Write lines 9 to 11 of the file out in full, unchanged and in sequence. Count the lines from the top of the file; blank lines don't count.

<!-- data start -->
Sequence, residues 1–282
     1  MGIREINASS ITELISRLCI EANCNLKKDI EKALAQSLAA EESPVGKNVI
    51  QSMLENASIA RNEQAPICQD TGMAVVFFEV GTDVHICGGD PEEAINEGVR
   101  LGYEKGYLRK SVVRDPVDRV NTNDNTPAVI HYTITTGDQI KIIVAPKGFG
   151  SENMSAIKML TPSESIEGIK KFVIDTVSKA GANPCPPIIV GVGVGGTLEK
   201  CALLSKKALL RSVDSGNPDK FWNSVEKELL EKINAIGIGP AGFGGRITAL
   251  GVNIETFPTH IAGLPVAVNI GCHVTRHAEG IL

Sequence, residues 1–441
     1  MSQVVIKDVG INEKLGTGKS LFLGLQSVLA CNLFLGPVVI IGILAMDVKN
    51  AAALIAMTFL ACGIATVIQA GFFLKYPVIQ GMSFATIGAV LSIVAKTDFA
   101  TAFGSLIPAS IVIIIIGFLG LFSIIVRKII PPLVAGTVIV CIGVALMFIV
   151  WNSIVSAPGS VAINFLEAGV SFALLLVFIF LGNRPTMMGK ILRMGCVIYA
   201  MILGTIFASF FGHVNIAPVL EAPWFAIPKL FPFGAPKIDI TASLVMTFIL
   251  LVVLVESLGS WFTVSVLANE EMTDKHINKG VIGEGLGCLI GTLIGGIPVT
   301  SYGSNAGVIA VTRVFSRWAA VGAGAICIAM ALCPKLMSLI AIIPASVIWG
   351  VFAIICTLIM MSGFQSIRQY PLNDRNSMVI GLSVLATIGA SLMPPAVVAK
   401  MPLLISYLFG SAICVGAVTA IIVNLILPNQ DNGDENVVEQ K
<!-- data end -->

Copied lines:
     1  MSQVVIKDVG INEKLGTGKS LFLGLQSVLA CNLFLGPVVI IGILAMDVKN
    51  AAALIAMTFL ACGIATVIQA GFFLKYPVIQ GMSFATIGAV LSIVAKTDFA
   101  TAFGSLIPAS IVIIIIGFLG LFSIIVRKII PPLVAGTVIV CIGVALMFIV